Dhaka, Bangladesh (BBN)-The Bangladesh Supreme Court ruling on September 7 rejecting a petition challenging the legality of a constitutional provision recognizing Islam as the state religion has drawn criticism from activists including Christian leaders.
The petition, filed by Hindu lawyer Somendra Nath Goswami on August 1, argued that Islam’s status as the state religion flouts the country’s constitution, and is against the basic secular structure of the state, reports UCA News.
However, the Supreme Court ruled in favor of deputy attorney general, Murad Reza, who opposed the petition.
“The court rejected the petition on the grounds that the constitution ensures equal rights for people of all religions including Hindus, Buddhists and Christians,” Reza told reporters in Dhaka.
Drafted in 1972, soon after Bangladesh’s split from Pakistan in 1971, the original constitution declared the country a secular state with secularism being one of the four key principles.
However, military ruler Ziaur Rahman erased secularism from the constitution in 1977 while his successor, H.M. Ershard — another military ruler — made Islam the state religion in 1988.
The government led by the center-left Awami League party reinstated secularism in the constitution in 2011, following a Supreme Court ruling in 2009.
However, it kept Islam as the state religion out of fear of losing votes.
Minorities have opposed this decision ever since.
“In a democratic country secularism and having a state religion can’t exist side by side. It is contradictory and conflicting,” Nirmol Rozario, a Catholic and secretary of the Bangladesh Christian Association said of the Sept 7 ruling.
“In a modern democratic country, the state is for all, but religion is an individual matter. So a state religion goes against this spirit,” Rozario added.
No democratic government has dared revoke the state religion provision in the charter fearing a political backlash.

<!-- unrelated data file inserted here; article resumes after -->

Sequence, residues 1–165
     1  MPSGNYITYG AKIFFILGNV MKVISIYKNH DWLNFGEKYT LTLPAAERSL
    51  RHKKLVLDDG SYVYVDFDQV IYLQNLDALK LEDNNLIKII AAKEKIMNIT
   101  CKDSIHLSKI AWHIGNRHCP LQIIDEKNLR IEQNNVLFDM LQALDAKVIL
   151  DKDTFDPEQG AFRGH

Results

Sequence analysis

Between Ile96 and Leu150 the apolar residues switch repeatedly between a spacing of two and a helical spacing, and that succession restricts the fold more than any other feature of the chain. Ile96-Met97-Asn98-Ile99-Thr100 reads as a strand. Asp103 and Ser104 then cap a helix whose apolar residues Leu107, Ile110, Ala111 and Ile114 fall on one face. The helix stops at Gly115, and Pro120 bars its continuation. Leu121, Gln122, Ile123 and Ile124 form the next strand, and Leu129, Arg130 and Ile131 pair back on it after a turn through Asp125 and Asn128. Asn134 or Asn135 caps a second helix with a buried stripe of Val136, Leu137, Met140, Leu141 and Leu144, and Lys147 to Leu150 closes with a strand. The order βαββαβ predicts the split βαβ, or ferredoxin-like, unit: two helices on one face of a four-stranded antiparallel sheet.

“The fear of losing an election over this issue is unfounded. Keeping Islam as the state religion never increases the vote for secular parties like the Awami League,” he said.
Father Albert Thomas Rozario, a High Court lawyer and secretary of Catholic bishops’ Justice and Peace Commission also hit out at the court ruling.
“The constitution is like a sacred document, like a Bible to a nation. But it should not deliver mixed messages to people,” said Father Rozario.
“Declaring secularism and having a state religion are in conflict with each other,” he said.
“If the constitution acknowledges all religions and people of all faiths equally, the state religion provision should go. Otherwise, it grants special status to Islam over other religions,” the priest said.
Father Rozario added that the government could have influenced the court’s decision.
“The court ruled in favor of the state religion provision because the government wants to keep it for political reasons. The court should have accepted the petition and showed its neutrality,” Father Rozario said.
Of Bangladesh’s 160 million people, about 90 percent are Muslims, eight percent are Hindus and the rest belong to other faiths including Christianity and Buddhism.